There you were, thinking that The Fray were one-album-wonders. No such luck: the piano-playing pop-rockers are still hugely successful almost four years after their breakthrough hit 'How to Safe a Life', leaving a trail of several Grammy nominations and a host of international number ones in their wake. A band who owe a large portion of their popularity to the musical co-ordinators of 'Grey's Anatomy', the Colorado quartet's second album is as safe and predictable as that TV programme.
Like Marc Cohn on fizzy pop, lead singer and pianist Isaac Slade writes beefy, radio-friendly songs for the masses, and it can't be denied that his voice is strong, his playing adept. Yet a band who are so terrified of colouring outside the lines - there's no evidence of any musical evolution here, just the same fatigued balladry and humdrum beats - are so obviously lacking heart that they may as well not exist.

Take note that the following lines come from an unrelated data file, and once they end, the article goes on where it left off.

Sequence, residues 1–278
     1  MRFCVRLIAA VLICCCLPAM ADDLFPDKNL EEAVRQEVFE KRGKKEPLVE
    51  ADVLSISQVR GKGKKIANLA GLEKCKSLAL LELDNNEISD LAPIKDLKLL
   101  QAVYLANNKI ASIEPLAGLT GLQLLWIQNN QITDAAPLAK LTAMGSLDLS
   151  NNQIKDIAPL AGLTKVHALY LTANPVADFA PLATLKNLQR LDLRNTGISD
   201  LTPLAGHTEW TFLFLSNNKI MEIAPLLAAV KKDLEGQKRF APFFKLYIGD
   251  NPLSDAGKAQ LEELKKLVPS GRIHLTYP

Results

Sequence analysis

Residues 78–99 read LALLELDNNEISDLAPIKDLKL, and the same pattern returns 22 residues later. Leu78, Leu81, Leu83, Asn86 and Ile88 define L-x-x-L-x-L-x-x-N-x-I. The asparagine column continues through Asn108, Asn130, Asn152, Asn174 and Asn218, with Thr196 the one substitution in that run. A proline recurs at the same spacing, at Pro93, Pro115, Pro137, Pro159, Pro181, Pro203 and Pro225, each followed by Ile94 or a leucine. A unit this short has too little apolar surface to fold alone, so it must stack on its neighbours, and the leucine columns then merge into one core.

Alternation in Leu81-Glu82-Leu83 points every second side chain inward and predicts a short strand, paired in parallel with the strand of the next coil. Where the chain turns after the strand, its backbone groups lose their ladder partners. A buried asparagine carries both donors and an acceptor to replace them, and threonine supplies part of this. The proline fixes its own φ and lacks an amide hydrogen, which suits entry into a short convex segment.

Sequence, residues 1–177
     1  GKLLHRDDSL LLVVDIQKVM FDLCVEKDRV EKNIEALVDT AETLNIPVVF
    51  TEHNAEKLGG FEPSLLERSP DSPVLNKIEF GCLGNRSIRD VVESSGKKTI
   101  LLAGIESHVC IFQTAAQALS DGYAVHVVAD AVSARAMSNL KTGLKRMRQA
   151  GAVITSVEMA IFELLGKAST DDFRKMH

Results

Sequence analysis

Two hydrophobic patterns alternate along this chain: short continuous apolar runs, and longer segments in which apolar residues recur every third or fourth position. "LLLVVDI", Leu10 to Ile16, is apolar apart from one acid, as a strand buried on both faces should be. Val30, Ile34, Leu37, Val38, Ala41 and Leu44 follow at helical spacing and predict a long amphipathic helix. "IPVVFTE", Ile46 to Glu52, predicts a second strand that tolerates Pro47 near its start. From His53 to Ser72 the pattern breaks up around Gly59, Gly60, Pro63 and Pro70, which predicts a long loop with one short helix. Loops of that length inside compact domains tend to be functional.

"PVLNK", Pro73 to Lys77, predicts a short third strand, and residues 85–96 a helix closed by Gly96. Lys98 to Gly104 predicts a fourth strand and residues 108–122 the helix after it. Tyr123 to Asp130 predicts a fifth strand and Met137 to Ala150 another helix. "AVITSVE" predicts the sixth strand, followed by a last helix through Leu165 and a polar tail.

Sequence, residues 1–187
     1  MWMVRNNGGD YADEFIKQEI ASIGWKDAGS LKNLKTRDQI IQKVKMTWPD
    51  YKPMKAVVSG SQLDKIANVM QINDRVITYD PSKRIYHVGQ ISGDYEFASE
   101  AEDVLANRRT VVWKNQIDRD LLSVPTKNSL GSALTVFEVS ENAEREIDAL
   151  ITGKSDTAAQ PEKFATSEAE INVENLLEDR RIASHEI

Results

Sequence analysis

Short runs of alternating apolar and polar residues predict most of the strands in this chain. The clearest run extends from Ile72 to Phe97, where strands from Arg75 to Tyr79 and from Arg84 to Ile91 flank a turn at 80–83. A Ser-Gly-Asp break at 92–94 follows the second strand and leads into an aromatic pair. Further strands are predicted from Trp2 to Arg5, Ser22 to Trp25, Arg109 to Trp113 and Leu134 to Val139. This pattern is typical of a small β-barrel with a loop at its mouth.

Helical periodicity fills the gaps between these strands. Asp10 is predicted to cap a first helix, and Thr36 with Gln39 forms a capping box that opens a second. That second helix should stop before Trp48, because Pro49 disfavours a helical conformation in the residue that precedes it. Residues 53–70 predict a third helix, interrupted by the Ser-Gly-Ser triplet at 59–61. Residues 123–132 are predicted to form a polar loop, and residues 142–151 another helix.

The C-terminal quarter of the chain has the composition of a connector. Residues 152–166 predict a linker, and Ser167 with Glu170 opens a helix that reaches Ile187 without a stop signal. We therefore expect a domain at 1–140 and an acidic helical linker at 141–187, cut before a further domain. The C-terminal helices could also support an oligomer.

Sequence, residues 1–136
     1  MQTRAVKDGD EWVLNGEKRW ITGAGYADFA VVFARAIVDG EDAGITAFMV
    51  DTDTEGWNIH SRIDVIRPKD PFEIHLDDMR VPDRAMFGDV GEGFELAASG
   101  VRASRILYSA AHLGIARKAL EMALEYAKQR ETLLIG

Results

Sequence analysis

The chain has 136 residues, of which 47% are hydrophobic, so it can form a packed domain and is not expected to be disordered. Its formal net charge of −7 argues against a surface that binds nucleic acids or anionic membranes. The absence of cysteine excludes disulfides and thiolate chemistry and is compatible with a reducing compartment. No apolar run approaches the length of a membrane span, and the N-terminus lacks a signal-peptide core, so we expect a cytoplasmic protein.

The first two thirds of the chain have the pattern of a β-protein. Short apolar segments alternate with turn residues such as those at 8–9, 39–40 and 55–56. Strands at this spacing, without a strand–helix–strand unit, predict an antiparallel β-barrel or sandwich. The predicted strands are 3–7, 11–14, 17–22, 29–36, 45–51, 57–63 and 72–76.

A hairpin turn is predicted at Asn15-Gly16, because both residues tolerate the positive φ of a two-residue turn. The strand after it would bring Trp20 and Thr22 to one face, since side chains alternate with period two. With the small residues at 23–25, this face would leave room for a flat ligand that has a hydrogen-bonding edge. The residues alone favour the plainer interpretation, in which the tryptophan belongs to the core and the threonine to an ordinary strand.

The same mix of piano pomp (Syndicate, Where the Story Ends) and overwrought, anguished slushfests (You Found Me, Absolute) provide the organs of this cadaverous record, with only the thankfully understated 'Ungodly Hour' going some way to redress the balance. A softly-played, gently-drummed track, it's probably the only truly honest song on the record - although the tempo change of 'We Build Then We Break' also adds some variance. Truly, though, you do not need an album like this - or a band like The Fray - in your life. Unless, of course, you're desperately seeking an 'emotional' song to soundtrack a poignant death scene on a hit TV show. If that's the case, you've got ten of them here.